At the age of 147, after 17 years of peace and quiet, Jacob realized that his hour glass was running out, so he called in Joseph and made him to swear that he would not bury him in Egypt.  Egypt, with it’s ever-flowing Nile river and it’s green fields, was wonderful, but in faith he already saw how his offspring would be lead forth by God to take into possession the promised land, Canaan, and his heart yearned to be part of it.  That of course could not be, because another 417 years first had to be ticked off one-by-one on God’s calendar.  The Canaanites’ cup of judgement still had to fill up, and for Israel, tens of thousands of young soldiers still were to be born.  But Jacob’s faith crossed this period in one great leap. He himself would never experience that glorious day, but if only his bones could, in the meantime, rest in that country, he would be contented.

What have I laid up for the final day?

Jacob now escalated Joseph’s two sons, Ephraim and Manasseh, to equal status with his own sons, gave them in advance, by faith, a piece of land which he had conquered from the Ammorites, and declared prophetically that the first born, Manasseh would be subject to the younger Ephraim.  God promotes who-ever pleases Him.  In that we must rest, knowing that He dearly loves each one of us; so much so, that He gave His Son to lay down His life for us on the cross.

Then he also blessed his other sons, prophesying over them as regards their future.  Reuben was denounced as first born because he had given into his physical desires and slept with his father’s concubine, Bilhah.  Over Simeon and Levi, God’s judgement was pronounced because of their deeds of violence.

Judah was uplifted above his brothers: “Judah, your brothers will praise you. Your hand will be on the neck of your enemies. Your father’s sons will bow down before you. Judah is a lion’s cub. From the prey, my son, you have gone up. He stooped down, he crouched as a lion, as a lioness. Who will rouse him up? The scepter will not depart from Judah, nor the ruler’s staff from between his feet, until he comes to whom it belongs. To him will the obedience of the peoples be. Binding his foal to the vine, his donkey’s colt to the choice vine; he has washed his garments in wine, his robes in the blood of grapes. His eyes will be red with wine, his teeth white with milk.” This prophecy refers to the Messiah, Jesus Christ, the Son of God Who would be born from Judah’s offspring (49:8-12).  Joseph and his descendants also received special blessings of prosperity.  That, perhaps could be linked to his sacrificial  life that had lead to the preserving of the lives of hundreds of thousands of people.  That which  man sows, he will also reap.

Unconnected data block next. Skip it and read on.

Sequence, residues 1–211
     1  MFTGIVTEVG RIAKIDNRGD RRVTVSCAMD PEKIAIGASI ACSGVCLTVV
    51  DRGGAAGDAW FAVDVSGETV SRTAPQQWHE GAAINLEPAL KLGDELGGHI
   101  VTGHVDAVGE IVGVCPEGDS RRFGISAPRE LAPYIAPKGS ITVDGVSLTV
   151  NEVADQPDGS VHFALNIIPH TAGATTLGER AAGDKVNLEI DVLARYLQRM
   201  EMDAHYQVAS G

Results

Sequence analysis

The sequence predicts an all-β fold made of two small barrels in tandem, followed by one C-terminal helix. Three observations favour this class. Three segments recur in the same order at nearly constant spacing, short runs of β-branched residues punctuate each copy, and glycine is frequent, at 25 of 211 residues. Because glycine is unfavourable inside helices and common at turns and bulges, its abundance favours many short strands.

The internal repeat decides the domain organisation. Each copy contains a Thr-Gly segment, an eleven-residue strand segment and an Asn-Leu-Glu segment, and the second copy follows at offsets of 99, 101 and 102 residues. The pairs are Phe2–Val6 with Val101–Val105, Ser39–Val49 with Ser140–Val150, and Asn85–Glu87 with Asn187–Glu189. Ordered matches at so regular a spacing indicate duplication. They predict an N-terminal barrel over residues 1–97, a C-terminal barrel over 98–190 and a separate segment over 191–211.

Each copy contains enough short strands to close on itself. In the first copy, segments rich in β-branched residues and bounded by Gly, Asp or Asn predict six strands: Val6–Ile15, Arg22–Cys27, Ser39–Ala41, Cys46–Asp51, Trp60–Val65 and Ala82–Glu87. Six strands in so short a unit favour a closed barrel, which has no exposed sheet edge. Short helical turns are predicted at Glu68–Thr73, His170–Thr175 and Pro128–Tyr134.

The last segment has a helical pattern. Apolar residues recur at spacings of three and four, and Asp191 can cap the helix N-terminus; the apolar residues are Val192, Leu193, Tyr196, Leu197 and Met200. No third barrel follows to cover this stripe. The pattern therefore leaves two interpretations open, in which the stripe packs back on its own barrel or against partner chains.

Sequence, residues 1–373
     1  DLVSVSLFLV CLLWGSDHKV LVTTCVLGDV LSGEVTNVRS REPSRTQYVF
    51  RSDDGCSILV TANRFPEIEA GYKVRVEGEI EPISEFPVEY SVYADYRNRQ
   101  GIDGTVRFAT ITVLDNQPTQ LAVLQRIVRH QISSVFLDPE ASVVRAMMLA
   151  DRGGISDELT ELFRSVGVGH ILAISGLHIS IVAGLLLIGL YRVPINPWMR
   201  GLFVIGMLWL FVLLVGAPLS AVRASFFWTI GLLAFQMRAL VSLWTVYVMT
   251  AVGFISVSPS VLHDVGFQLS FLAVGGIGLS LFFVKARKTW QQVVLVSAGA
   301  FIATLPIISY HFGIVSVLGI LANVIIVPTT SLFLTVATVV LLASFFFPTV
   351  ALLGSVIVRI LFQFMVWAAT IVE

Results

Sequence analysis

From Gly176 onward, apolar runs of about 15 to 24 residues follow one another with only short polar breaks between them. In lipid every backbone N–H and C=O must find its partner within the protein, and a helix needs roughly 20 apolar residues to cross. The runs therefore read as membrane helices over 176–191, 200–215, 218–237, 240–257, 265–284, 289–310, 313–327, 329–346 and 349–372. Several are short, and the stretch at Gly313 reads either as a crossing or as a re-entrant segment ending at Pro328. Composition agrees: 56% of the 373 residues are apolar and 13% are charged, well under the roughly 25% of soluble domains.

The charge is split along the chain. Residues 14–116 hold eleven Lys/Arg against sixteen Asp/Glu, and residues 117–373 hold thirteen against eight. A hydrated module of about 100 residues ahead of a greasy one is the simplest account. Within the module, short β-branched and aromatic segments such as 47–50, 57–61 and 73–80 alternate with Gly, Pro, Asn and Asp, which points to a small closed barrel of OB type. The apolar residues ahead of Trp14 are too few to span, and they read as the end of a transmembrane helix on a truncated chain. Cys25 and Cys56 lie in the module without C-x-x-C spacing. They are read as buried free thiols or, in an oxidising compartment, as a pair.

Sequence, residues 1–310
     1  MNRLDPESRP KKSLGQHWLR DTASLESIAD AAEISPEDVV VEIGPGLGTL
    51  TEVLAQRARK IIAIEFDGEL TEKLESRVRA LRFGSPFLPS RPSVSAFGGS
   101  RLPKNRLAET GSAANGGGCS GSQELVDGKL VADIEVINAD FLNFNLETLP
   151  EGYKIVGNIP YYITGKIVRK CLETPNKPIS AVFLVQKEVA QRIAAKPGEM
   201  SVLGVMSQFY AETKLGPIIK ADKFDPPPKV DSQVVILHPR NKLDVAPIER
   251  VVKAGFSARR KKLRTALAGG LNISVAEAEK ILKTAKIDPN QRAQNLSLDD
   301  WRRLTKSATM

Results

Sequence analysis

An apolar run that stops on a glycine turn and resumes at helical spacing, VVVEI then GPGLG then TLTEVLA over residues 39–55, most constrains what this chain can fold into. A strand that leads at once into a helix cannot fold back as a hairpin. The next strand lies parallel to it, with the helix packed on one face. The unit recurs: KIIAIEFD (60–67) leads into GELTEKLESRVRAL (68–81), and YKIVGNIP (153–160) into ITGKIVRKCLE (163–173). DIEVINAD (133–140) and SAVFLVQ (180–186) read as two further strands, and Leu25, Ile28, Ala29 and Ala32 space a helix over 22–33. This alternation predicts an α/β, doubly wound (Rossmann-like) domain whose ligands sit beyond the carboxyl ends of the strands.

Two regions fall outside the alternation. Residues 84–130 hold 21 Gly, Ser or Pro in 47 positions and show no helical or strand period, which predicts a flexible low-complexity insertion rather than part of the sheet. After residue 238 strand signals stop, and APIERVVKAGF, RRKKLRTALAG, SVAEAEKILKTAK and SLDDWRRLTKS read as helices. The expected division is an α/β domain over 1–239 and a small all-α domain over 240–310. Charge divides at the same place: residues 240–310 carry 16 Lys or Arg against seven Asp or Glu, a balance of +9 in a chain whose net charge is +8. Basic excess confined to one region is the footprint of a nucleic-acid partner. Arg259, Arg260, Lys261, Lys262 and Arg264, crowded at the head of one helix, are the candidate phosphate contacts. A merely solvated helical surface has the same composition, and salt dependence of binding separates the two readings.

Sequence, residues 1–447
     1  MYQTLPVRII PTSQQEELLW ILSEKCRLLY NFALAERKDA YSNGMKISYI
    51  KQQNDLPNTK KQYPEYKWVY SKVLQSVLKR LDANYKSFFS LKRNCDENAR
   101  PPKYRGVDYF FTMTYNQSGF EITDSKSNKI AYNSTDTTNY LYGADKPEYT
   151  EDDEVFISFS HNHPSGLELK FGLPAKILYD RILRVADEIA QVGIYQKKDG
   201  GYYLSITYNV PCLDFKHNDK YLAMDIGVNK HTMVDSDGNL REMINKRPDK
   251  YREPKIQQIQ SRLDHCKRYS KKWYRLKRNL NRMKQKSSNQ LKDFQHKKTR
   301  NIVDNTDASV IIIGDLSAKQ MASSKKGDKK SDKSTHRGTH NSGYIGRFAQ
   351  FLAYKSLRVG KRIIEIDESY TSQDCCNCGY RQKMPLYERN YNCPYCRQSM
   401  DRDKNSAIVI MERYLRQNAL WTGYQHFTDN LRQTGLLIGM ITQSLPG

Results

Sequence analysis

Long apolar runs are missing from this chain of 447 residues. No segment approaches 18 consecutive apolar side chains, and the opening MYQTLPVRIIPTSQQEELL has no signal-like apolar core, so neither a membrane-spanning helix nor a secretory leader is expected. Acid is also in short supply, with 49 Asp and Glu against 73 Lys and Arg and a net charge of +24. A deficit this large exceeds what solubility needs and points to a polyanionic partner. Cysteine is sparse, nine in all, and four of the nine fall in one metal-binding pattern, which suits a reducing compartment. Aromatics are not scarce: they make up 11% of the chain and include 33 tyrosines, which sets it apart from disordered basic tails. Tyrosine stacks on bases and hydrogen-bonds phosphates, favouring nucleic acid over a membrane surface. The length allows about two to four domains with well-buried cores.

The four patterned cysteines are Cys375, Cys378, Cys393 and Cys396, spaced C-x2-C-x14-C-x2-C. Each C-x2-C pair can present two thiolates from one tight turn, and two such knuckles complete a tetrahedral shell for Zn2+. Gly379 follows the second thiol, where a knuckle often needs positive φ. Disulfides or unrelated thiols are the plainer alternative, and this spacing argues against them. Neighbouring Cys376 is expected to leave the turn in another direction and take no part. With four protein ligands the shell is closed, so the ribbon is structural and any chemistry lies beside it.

Then when Joseph was still present with him, Jacob’s spirit departed to where those of his ancestors, Abraham and Isaac, were already gathered before the throne of God.


God’s royalty honoured. 

Joseph organised for Jacob’s body to be embalmed so that they would be able to transport it. Then, accompanied by his brothers and a multitude of Egyptian dignitaries, he traveled to the cave of Machpelah where they laid Jacob’s body to rest according  to his request.  It is remarkable  how much honour this man of God received even after his death.

Digging up old cows.

After Jacob’s burial, Joseph’s brothers once more pleaded with him to be forgiven for what they had done to him, because their consciences just would not come to rest and now that their father Jacob, for whom Joseph had so much respect, had passed away, they feared for their lives all over again.  Their inability to accept his forgiveness, deeply upset him, causing his tears to flow and again he reassured them of his total forgiveness and goodwill. How much is our Lord Jesus not also grieved when we repeatedly plead with Him for forgiveness and are just unable to accept that He freely forgave us on the basis of the forgiveness of sins which He worked for us by His death on the cross (Ps 103:12).

A father had followed his son to a land of plenty, now that son follows his father to a Kingdom of everlasting abundance.

At the age of 110, Joseph’s role was also completed and the time arrived for him to go Home.  So certain was he of the fact that his descendants would go up to Canaan from Egypt, that he made his brothers to swear that they would take his body with them.  Then he died and was his body embalmed  so that they would, in due course, when going up to Canaan, be able to take it with them – and this literally happened hundreds of years from then (Ex 13:19).

Let us follow in the footsteps of Joseph as he followed in the footsteps of the Greater Joseph.

What a blessed ending for this man of God from who’s life we could learn so much and what a beautiful closing chapter to the book of Genesis, a unique portion of Scripture which God gave to teach and guide us on the way to the House of the Father, the House of Adam, Noah, Abraham, Isaac, Jacob and Joseph and the thousands of other men, women and children who walked before the face of God and completed the race up to the very end.